Sotagliflozin is an orally-delivered small molecule compound that we and Sanofi are developing for the treatment of type 1 and type 2 diabetes mellitus. Sotagliflozin was discovered by our scientists and inhibits both sodium-glucose cotransporter type 2, or SGLT2, a transporter responsible for most of the glucose reabsorption performed by the kidney, and sodium-glucose cotransporter type 1, or SGLT1, a transporter responsible for glucose and galactose absorption in the gastrointestinal tract. Our scientists discovered that mice lacking SGLT1, SGLT2 or both exhibit potent anti-diabetic phenotypes across multiple measures of glucose control and metabolism, and found that compounds inhibiting both targets had a favorable preclinical profile relative to compounds selective for SGLT2.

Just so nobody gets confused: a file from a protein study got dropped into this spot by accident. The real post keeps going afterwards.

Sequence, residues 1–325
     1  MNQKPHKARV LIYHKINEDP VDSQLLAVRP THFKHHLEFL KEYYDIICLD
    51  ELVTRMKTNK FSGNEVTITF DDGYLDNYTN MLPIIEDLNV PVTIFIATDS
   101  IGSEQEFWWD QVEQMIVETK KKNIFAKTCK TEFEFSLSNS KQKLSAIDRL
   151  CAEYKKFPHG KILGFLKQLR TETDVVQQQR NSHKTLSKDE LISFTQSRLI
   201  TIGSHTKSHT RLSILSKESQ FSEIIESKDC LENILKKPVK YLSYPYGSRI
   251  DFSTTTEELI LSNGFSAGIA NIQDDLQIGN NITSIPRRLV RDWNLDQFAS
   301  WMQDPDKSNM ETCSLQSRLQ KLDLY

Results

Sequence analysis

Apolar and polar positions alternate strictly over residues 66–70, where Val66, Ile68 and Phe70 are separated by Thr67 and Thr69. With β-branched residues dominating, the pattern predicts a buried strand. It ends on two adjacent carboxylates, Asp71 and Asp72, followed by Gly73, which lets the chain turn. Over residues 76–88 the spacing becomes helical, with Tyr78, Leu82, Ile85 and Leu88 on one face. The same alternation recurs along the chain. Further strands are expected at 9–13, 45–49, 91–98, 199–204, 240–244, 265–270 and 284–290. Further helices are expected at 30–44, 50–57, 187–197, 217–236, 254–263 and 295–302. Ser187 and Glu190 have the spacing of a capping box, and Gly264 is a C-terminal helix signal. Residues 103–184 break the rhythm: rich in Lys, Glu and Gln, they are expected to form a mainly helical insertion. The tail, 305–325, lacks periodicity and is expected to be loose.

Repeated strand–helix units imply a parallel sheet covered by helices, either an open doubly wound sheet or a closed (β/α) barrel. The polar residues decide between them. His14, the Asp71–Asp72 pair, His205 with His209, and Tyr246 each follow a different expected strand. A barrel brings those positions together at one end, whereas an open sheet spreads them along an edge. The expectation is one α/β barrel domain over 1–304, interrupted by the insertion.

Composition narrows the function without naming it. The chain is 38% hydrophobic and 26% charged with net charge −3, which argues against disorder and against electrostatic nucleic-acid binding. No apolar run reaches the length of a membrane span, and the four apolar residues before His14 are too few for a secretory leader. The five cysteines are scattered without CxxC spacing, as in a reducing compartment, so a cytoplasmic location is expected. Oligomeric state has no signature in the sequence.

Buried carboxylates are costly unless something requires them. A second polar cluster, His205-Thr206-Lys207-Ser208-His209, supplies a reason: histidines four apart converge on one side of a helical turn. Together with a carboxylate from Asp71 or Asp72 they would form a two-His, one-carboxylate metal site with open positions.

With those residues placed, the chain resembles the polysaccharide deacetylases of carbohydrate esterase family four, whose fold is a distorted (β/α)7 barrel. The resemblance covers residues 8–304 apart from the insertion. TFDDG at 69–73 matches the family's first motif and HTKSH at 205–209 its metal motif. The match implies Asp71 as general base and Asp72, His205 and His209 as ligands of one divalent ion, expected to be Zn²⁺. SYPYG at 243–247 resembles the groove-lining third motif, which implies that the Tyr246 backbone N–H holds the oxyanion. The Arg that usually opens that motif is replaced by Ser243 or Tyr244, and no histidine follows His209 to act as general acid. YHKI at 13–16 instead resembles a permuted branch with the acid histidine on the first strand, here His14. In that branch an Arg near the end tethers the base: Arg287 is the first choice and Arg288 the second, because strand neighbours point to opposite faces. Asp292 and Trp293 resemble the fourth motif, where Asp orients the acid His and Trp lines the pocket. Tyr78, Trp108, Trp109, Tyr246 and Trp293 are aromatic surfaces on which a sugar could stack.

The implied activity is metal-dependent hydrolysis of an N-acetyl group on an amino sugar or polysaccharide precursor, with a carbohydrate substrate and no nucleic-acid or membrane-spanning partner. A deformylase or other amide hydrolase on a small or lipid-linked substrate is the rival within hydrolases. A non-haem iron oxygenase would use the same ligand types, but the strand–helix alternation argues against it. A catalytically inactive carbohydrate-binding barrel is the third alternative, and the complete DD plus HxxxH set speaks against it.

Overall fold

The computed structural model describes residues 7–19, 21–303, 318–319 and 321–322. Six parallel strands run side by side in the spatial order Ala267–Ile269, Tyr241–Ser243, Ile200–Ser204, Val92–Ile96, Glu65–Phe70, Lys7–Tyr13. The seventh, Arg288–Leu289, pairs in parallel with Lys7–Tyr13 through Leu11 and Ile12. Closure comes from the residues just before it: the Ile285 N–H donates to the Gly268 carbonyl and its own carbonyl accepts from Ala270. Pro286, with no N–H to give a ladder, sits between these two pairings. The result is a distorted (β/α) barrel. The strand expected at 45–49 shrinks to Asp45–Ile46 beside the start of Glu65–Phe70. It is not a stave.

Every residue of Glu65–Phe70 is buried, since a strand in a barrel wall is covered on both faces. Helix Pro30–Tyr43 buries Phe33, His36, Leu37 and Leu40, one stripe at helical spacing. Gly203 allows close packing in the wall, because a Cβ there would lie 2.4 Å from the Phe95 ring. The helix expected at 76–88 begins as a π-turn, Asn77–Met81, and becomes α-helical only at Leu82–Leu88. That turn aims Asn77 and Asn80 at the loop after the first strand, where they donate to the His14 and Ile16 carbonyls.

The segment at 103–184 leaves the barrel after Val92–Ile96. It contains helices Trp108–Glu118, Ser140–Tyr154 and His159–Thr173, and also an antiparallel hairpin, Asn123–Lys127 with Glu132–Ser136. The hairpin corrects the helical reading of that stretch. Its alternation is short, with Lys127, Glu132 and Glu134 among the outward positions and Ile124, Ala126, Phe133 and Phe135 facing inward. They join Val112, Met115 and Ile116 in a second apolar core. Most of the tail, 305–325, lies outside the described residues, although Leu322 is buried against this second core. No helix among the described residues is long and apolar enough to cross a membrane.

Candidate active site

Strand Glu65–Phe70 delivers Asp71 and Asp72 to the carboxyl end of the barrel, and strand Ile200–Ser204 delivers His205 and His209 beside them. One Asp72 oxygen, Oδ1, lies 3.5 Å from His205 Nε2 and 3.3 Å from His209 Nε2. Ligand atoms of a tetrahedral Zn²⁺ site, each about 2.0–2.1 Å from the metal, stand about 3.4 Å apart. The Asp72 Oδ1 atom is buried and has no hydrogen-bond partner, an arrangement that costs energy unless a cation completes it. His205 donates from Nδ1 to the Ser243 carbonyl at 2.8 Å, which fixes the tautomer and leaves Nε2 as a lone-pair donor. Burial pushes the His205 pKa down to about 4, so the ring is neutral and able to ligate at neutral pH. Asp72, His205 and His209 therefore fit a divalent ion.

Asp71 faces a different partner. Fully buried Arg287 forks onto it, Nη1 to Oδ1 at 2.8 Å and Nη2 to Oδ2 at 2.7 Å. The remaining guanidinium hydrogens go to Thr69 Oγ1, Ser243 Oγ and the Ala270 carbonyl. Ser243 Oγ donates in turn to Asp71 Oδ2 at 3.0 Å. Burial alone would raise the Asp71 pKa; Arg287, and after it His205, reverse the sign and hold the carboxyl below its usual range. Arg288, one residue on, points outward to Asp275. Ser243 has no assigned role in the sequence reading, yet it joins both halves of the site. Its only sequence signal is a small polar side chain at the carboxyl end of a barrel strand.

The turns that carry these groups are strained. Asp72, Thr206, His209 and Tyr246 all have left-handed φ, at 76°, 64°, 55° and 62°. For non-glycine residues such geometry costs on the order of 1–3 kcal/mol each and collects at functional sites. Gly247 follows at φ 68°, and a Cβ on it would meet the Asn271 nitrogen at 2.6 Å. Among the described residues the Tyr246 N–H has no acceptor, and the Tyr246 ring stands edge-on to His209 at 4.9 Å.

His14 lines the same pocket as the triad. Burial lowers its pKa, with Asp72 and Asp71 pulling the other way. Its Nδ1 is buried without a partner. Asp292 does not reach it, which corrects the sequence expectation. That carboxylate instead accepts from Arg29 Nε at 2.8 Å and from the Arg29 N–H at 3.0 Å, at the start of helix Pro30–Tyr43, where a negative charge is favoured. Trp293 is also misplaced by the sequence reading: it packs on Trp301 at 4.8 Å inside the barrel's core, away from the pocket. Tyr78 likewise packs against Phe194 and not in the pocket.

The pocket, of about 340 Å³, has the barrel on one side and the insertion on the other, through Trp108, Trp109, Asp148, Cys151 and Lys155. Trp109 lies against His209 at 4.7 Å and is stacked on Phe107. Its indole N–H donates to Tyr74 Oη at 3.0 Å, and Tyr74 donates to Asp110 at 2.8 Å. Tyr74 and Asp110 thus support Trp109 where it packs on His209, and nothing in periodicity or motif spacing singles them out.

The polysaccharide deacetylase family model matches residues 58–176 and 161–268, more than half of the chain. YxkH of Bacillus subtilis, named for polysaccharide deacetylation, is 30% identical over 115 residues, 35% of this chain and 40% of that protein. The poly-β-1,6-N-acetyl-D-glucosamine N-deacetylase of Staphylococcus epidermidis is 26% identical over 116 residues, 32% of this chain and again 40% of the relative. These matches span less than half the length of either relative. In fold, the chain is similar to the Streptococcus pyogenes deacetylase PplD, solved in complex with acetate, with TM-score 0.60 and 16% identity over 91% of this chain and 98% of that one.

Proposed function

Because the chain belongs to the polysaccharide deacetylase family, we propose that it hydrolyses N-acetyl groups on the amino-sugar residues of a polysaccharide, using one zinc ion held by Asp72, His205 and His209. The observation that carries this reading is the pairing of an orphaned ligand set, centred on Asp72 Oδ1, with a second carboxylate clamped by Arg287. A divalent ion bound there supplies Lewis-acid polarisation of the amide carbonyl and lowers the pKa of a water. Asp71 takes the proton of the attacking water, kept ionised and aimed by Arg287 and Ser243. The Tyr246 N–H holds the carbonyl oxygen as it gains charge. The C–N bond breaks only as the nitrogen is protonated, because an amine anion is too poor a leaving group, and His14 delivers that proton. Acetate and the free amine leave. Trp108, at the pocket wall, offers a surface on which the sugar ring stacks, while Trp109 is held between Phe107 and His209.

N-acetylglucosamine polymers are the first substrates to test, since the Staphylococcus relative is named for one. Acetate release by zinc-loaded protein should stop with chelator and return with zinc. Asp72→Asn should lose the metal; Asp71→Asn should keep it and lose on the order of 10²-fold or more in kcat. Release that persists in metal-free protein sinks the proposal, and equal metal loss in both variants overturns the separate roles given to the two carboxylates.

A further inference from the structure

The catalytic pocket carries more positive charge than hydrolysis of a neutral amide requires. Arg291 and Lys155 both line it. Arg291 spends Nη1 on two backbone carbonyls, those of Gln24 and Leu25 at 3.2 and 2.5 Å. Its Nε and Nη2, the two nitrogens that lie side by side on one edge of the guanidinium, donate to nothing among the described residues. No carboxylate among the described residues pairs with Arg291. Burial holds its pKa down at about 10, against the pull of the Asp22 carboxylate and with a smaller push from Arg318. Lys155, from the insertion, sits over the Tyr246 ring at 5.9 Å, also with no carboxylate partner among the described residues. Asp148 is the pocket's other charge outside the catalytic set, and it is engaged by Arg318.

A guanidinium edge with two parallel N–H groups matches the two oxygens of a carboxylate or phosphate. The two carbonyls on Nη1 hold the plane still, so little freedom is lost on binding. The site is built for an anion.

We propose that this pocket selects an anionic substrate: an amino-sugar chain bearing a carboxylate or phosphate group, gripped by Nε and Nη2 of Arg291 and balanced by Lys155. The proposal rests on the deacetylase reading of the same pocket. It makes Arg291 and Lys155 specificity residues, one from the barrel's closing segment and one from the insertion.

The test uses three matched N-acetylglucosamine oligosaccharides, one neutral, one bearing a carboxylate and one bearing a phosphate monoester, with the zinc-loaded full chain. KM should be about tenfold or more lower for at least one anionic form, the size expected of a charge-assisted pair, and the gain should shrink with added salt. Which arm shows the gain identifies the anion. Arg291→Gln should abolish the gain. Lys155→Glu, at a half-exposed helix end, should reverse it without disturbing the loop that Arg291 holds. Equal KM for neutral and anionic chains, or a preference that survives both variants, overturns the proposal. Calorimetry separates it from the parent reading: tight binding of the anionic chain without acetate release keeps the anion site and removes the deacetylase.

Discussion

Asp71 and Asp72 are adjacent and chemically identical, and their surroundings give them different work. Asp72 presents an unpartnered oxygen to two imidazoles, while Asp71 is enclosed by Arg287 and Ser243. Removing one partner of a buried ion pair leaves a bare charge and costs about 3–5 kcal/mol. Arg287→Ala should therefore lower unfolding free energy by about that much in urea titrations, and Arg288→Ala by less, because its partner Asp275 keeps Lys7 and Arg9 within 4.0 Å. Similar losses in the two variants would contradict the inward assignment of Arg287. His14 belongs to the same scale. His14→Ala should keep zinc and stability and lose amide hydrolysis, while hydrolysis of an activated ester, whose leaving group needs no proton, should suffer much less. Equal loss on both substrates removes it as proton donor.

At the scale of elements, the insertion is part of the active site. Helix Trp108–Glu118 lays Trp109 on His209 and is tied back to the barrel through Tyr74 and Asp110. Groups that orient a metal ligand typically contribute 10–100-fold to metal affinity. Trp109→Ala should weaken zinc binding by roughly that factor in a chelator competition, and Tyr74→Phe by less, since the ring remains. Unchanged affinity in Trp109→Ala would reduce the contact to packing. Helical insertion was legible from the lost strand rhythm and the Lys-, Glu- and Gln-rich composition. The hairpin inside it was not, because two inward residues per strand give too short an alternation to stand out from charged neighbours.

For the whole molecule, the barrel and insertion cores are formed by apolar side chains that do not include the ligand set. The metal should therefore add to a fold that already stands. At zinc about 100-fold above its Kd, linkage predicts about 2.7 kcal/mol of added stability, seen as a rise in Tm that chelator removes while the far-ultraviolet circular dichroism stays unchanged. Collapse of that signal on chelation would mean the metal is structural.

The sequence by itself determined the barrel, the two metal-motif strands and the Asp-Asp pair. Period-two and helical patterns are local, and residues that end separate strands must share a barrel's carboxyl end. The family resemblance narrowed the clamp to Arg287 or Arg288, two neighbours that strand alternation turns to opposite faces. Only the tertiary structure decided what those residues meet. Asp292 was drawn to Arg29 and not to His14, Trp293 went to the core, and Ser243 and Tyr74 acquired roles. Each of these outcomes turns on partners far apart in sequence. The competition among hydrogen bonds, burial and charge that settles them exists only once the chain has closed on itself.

This figure depicts a nephron, the basic functional unit of the kidney. The glucose reabsorption transporter, SGLT2, is expressed in the first segment of the proximal convoluted tubule (PCT S1) and is responsible for most of the glucose reabsorption that happens in the kidney where SGLT1 has a lesser role. Abbreviations: PCT S1 and S2, proximal convoluted tubule segments 1 and 2; PST S3, proximal straight tubule segment 3.
SGLT1 is the primary transporter for absorption of glucose and galactose in the gastrointestinal tract.